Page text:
No significant change of NNN was observed in the tobacco samples when less than 0.2 g of NaNO3 (146 mg of ) was added. However, when the amount of added increased to 219 mg (0.3 g NaNO3), the NNN content was approximately double that of 0.2 g NaNO3 addition. Although the NAB content was the lowest of the four individual TSNAs, a significant increase in NAB content occurred as a result of the addition of NaNO3 reached to 0.2 g. The NNK content also increased significantly as nitrate addition increased.
3.2. Effect of Nitrite Concentration on TSNAs Formation in Flue-Cured Tobacco
Table 1 shows that as the concentration of added increased, the individual and total TSNAs contents showed rapid and dramatic increases, and the relative increments were greater for the samples with greater amounts of added . When tobacco samples were treated with 133 mg of (0.2 g of NaNO2), total TSNAs content was 117 μg/g, at a 207% increment compared with the control (0.56 μg/g). For the individual TSNA, levels of NNN, NNK, NAT, and NAB showed 257-, 38-, 203-, and 110-fold increases, respectively. The results showed that was more effective in promoting TSNAs formation in the cured leaf than during warm temperature storage.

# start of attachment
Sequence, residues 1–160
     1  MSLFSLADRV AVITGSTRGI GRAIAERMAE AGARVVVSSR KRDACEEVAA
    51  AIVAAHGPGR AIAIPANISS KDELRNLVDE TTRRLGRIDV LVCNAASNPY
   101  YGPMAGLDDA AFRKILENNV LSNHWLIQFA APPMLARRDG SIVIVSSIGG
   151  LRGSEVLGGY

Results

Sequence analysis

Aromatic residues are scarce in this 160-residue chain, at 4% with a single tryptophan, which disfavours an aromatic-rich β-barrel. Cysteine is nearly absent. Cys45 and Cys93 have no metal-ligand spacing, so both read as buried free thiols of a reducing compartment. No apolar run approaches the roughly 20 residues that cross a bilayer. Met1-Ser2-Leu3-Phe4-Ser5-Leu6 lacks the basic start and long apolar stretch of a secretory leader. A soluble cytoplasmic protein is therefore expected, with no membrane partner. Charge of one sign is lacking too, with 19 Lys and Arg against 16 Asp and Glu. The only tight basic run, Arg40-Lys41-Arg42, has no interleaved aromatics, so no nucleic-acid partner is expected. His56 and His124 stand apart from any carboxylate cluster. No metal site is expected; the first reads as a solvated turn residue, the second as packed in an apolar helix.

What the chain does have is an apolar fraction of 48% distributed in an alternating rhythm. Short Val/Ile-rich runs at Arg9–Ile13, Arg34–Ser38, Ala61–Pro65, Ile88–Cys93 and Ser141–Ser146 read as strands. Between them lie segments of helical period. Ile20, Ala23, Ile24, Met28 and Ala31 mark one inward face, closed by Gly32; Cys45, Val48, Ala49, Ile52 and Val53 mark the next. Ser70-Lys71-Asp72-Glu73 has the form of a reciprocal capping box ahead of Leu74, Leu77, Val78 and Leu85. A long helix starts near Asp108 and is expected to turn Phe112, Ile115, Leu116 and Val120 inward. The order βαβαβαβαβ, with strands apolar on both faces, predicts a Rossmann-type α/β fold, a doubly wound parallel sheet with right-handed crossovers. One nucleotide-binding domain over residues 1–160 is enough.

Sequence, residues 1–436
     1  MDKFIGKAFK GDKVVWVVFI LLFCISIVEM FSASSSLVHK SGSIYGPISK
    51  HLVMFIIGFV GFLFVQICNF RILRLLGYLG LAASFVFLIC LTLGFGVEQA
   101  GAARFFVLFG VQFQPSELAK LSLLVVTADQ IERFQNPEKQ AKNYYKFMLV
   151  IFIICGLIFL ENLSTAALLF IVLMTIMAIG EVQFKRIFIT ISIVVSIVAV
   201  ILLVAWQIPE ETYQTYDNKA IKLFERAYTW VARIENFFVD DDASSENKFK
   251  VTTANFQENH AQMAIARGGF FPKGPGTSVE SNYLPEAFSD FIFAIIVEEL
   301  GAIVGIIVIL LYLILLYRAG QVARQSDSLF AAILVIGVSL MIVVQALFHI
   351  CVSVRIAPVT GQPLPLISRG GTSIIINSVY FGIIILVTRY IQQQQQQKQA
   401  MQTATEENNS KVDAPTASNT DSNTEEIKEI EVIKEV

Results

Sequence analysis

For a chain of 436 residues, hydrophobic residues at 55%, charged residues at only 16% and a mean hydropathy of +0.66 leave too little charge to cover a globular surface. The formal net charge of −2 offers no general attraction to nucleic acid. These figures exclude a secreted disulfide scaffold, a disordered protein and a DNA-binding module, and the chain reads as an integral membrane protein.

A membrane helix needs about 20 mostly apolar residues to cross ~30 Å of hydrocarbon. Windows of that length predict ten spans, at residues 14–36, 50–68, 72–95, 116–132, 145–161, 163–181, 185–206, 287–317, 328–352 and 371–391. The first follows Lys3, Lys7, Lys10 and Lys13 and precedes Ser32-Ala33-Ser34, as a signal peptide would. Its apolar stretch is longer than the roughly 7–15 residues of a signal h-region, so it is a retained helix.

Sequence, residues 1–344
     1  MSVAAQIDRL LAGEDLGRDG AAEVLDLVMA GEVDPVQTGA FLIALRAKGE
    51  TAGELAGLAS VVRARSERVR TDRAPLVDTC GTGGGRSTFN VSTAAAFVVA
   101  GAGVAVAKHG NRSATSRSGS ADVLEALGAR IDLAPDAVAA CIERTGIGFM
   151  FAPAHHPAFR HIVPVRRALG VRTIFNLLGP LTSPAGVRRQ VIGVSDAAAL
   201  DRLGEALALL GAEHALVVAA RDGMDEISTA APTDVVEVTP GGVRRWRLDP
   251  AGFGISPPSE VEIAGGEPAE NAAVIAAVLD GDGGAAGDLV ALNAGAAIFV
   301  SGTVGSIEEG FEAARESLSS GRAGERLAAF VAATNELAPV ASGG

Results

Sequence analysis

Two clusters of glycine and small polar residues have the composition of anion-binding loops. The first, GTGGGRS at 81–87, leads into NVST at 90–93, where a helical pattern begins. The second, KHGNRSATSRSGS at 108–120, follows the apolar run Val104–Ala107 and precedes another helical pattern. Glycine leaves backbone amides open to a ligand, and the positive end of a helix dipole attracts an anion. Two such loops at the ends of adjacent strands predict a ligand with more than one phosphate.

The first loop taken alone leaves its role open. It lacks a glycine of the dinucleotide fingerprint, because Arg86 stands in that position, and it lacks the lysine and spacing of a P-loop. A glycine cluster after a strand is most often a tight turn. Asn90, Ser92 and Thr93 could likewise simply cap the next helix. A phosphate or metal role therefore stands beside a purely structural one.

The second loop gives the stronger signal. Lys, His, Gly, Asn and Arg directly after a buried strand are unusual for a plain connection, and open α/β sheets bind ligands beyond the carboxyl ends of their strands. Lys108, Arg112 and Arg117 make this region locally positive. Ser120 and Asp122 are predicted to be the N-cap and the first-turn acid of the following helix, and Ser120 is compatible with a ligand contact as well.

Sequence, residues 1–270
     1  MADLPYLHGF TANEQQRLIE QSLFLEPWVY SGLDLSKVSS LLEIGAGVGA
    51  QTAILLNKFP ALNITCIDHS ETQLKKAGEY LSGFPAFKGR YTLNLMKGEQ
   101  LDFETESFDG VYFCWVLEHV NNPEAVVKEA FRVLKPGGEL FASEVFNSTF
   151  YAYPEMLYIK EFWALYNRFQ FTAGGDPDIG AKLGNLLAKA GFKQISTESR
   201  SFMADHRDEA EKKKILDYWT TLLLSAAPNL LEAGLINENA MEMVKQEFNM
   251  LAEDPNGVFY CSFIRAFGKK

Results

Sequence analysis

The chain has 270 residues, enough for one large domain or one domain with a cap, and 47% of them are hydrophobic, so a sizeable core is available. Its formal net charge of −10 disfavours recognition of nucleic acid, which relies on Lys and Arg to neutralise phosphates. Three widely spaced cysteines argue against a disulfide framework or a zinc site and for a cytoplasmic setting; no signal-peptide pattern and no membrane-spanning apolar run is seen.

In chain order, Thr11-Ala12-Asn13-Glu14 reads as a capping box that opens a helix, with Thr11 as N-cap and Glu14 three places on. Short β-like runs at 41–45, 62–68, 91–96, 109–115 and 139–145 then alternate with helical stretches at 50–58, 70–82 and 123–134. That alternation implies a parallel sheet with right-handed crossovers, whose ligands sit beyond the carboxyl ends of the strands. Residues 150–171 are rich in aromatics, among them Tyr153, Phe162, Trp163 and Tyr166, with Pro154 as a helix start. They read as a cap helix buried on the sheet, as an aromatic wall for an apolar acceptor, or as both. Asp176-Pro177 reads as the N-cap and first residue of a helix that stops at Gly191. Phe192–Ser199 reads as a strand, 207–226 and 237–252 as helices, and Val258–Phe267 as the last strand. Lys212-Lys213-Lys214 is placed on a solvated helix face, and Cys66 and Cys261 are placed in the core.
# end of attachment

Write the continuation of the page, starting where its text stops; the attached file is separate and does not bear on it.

The higher TSNAs levels in burley tobacco are partly due to the relatively higher levels of TSNAs precursors, such as alkaloids and oxide of nitrogen, that are present in the leaf tissue [21–23]. It is reported that nitrite which is derived from the bacterially mediated reduction of nitrate is considered to be the limiting factor in TSNAs formation in air-cured tobacco during air-curing [6, 24]. In this research, the addition of nitrate and nitrite in flue-cured tobacco to the levels which are equivalent to those in burley tobacco can increase the TSNAs concentration comparable to burley tobacco especially coupled with warm temperature. Results indicated that the great amount of nitrosating species available is a major contributor to the formation of TSNAs observed in cured tobacco during storage.
3.3. Effects of Indirect Addition of Nitrate/Nitrite on TSNA Formation in Flue-Cured Tobacco during Warm Temperature Storage
TSNAs contents increased as the storage temperature increased [15, 16], and the abundance of nitrite and nitrate could be a major contributor. To clarify how nitrate or nitrite affects the formation of TSNAs under warm temperature, indirect addition of nitrate or nitrite experiments was carried out.